I’m not sure where you come down on the issue of piracy. Not the Somalis in a speedboat with some vintage Soviet RPG type. The new-fangled method of copying intellectual property that has been the bane of folks from the members of Metallica to J.K. Rowling.
And to show that nobody is safe, even I have been pirated. That’s right. No sooner were the Angel’s Luck novels in print over in Russia than somebody with a scanner and some OCR software gutted copies and converted them into files for the RocketBook – a late 1990’s eReader that is so vintage that there’s almost no information on them out in Internet land… not even on Wikipedia. All I could find is this rather odd video.1 Apparently it never took off here, but was popular in Europe, judging from the accents on the video (and the Russian piracy).
It’s probably also worth mentioning that if you’re Russian, you can also read the Pembroke Hall series online – here and here. More wonders from scannerland. I suppose if you’re a dab hand with cut and paste, you could bring up the pages and put them piecemeal into one of the many online translation apps out there and read yourself the books for free. Sorry, I can’t guarantee it’ll be an effective use of your time, but the many quirks of online translation are guaranteed to make the story more amusing than it already is.
So where do I come down on the side of such hijinks?
It doesn’t bother me. Maybe if I were an impoverished musician like the members of Metallica, I’d have a different attitude toward it – after all, what do you do when your “loyal” audience is cheating you out of the money you desperately need to feed your family? But in the case of a writer, the objective is to be read – and judging from the glowing reviews Ferman/Boddekker have gotten, Russians are reading the books.
Plus, to be honest, if I complain about this, shouldn’t I be complaining about that grandaddy of file sharing schemes, the public library system?2
Also, I have a day job that helps me feed my family. Maybe those tapped-out souls in Metallica should look into getting one themselves. Hey, a man’s got to do what a man’s got to do.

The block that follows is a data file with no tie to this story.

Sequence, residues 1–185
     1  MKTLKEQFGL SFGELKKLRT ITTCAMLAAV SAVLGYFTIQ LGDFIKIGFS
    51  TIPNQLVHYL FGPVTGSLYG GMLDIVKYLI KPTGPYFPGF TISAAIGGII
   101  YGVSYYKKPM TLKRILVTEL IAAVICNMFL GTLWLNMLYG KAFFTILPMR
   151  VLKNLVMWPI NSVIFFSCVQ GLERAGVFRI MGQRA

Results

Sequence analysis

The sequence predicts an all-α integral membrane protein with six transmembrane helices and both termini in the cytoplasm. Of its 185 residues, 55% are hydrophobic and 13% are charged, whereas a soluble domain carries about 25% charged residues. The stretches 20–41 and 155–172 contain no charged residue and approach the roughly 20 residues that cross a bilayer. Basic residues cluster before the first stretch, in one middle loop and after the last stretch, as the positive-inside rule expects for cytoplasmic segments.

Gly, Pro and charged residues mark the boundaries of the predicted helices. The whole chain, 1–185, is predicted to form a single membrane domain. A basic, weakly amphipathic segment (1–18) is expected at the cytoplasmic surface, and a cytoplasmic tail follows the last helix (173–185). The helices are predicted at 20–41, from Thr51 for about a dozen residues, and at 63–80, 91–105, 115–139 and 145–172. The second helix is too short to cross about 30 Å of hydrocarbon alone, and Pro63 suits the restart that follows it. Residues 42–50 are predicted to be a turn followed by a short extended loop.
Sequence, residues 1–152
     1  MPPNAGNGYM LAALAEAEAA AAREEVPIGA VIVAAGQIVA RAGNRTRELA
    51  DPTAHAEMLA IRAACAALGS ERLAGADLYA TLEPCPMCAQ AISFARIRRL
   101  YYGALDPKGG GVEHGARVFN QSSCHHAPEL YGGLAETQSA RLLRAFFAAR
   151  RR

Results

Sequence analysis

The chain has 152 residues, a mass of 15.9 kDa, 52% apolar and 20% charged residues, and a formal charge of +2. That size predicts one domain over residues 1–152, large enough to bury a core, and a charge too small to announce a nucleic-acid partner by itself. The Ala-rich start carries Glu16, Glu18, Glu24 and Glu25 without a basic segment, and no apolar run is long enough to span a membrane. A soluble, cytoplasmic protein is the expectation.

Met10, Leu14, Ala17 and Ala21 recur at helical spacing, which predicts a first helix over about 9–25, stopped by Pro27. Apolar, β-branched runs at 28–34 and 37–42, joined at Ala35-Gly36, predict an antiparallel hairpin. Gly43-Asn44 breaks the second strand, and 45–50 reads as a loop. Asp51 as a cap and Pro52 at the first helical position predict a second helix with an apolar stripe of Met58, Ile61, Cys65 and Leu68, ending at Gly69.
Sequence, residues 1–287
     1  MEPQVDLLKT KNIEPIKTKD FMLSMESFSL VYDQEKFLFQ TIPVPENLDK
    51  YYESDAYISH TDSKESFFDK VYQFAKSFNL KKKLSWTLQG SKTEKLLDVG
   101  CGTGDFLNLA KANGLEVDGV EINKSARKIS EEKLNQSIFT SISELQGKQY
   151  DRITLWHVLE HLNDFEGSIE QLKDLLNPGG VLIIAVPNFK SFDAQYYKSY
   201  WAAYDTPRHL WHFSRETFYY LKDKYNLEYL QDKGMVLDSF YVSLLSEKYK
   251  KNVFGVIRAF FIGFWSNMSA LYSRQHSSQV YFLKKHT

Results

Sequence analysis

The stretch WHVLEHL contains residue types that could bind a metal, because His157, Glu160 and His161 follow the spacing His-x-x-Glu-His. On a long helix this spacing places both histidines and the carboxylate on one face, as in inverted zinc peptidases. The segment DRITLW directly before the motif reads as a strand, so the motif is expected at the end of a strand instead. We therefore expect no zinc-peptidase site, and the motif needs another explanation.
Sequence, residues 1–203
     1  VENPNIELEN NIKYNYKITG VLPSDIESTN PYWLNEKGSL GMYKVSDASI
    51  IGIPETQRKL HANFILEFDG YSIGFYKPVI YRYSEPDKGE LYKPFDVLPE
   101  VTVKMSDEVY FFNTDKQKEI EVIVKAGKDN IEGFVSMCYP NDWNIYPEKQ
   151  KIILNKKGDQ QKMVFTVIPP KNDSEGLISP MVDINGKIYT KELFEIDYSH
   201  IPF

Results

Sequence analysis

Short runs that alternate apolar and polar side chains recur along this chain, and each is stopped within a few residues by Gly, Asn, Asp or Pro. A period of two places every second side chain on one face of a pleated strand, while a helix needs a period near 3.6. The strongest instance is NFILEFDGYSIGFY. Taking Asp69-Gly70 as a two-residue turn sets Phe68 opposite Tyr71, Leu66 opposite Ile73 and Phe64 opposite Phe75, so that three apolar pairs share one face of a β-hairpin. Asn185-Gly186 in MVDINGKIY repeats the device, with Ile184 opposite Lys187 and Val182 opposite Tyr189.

What’s particularly fascinating about piracy of intellectual property is how it seems so boundless. For example, here’s the cover of a Harry Harrison novel that was recently brought to my attention. It’s a version put out by a Russian publisher. Looks pretty exciting – but then notice the odd resemblance between Harry’s Russian cover and this American one by yours truly.
What’s interesting is that we’re getting into a whole different field of piracy here. I’m not sure it was out of laziness (although the artist did take the time to replace the green hologram on my cover with what looks like a full color holo of what might be a pole dancer – although that image might be nicked from somewhere, too.
While I find this amusing, I feel bad for David Mattingly, the artist who did the work on my original cover. Unfortunately, like the online version of Ferman’s Devils, there’s not a lot I can do about it were I so inclined. It’s what comes from dealing with countries with a more relaxed attitude towards intellectual property than ours.
Meantime, I guess we can take consolation in the fact that it ain’t just me and it ain’t just Russia. Witness this cover spotted by my son in a bookstore in Hangzhou, China:
It’s for Uncle Tom’s Cabin. I suspect Harriet Beecher Stowe would be amused and even flattered by this whole thing, but no guesses where Mr. Freeman or Ms. Judd would come down on this whole thing.
Oh, and three words of advice for the malnourished members of Metallica: monster dot com.
- Although, admittedly, I only spent about five minutes looking.
- Which I once attempted to satirize here… but nobody got the joke.